Congress could sidestep the impasse by designating properly designed spent fuel pools plus dry cask storage as an adequate provision for dealing with the waste disposal needs of new nuclear power plants. There is some indication that attempts might be made in 2008 to attach such provisions to pending climate change legislation in the Senate.[19] But the history of this long-running battle doesn’t offer much hope that a sensible solution will be reached any time soon.

Perhaps the public would demand a rational approach if it got over the silly idea that nuclear energy was invented by mad scientists bent on world destruction. In fact, radioactive elements in the rocks of the earth have always created nuclear energy. “This naturally occurring nuclear fission is what maintains the warmth of the earth’s interior, keeping the tectonic plates in motion, causing mountains to rise up, and driving a variety of other natural processes.”[20] The fact that nuclear energy can cause harm should not cause us to shun it any more than lightning should cause us to shun electricity.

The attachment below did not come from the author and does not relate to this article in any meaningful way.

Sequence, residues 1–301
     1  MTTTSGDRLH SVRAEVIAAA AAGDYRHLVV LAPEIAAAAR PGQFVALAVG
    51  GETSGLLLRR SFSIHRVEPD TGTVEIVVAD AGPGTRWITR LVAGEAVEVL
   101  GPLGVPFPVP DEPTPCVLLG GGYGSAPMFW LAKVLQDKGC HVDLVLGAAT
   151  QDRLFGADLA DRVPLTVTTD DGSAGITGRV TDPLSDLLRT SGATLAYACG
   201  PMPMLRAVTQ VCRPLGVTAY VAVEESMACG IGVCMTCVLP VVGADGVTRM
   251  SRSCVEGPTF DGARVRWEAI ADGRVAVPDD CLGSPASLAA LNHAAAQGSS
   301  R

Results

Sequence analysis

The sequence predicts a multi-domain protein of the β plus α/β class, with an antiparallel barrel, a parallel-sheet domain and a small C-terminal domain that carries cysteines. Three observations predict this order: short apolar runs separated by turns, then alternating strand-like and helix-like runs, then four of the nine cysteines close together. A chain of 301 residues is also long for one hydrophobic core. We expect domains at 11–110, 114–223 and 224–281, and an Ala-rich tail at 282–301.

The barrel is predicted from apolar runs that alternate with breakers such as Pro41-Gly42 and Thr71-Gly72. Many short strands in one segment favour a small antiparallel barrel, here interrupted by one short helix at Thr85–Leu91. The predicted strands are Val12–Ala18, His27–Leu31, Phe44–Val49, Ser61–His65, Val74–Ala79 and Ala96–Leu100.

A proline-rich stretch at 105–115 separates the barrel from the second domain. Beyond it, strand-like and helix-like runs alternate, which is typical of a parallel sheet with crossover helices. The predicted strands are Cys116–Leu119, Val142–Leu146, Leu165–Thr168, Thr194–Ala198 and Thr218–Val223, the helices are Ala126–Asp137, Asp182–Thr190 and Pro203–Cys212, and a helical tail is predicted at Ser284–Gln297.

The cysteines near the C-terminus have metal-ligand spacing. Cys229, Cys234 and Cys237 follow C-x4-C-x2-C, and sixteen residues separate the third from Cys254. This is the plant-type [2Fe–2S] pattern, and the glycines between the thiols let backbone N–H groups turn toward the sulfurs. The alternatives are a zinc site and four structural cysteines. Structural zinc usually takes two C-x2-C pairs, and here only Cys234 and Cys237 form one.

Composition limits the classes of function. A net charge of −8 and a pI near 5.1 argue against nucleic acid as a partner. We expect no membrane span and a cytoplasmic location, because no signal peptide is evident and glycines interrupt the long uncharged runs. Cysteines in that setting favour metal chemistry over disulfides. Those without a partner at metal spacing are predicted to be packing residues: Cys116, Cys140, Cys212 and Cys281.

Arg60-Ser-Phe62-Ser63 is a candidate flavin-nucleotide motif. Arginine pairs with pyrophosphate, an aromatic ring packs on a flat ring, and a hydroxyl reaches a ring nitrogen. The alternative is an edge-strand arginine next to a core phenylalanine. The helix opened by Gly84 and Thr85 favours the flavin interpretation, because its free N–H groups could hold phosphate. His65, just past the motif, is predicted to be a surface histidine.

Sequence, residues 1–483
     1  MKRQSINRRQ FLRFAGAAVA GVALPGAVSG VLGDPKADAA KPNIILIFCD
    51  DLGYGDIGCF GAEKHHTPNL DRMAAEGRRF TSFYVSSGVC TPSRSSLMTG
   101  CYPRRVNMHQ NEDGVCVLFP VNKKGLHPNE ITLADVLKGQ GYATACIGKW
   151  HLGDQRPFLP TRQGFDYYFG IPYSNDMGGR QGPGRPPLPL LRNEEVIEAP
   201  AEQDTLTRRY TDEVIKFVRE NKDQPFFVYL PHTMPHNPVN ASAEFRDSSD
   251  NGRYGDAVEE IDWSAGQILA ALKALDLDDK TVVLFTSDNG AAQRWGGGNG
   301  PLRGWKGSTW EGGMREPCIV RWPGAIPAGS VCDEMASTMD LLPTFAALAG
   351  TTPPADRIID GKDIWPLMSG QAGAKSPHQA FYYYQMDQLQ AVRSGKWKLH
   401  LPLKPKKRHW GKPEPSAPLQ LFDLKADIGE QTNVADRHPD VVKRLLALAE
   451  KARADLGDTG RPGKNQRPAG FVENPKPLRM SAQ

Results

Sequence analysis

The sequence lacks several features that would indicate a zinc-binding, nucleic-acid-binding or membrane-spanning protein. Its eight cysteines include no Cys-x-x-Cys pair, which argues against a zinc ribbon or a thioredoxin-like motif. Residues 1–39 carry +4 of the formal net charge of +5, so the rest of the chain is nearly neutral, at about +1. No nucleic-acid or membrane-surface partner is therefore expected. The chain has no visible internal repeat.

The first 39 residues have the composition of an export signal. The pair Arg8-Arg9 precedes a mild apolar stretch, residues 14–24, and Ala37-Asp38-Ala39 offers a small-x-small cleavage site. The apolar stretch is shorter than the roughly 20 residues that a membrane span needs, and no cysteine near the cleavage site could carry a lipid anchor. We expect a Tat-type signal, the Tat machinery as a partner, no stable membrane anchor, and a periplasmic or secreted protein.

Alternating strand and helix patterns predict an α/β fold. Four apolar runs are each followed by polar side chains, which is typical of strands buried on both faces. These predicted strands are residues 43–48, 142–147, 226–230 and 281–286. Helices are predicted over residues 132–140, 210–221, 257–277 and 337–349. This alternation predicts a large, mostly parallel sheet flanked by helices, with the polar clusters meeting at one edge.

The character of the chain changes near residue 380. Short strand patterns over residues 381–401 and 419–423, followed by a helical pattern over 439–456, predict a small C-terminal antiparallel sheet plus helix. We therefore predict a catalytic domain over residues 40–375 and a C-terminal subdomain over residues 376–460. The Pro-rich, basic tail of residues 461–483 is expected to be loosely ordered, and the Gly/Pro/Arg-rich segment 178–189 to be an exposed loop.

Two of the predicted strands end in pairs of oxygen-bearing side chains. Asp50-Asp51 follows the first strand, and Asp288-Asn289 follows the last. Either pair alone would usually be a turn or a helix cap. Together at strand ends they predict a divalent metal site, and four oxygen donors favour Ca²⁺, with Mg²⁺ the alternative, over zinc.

* Professor of Law Emeritus, Chicago-Kent College of Law.

[1] David Bodansky, Nuclear Energy: Principles, Practices and Prospects 291-332 (2d ed., 2004); see, e.g., Nuclear Energy Inst., Inc. v. EPA, 373 F.3d 1251 (D.C. Cir. 2004).

[2] Nat’l Research Council, Safety and Security of Commercial Spent Nuclear Fuel Storage: Public Report 68 (2006).

[3] See generally David Bodansky, Nuclear Energy, Principles, Practices and Prospects 193-251 (2d ed. 2004).

[4] Raymond L. Murray, Nuclear Energy: An Introduction to the Concepts, Systems and Applications of Nuclear Processes 28 (2000).

[5] Kelley v. Nuclear Regulatory Comm’n, 42 F.3d 1501 (6th Cir. 1995).

[6] See US Nuclear Regulatory Commission Fact Sheet, Dry Cask Storage of Spent Nuclear Fuel (2007)

[7] Nat’l Research Council, Safety and Security of Commercial Spent Nuclear Fuel Storage: Public Report (2006).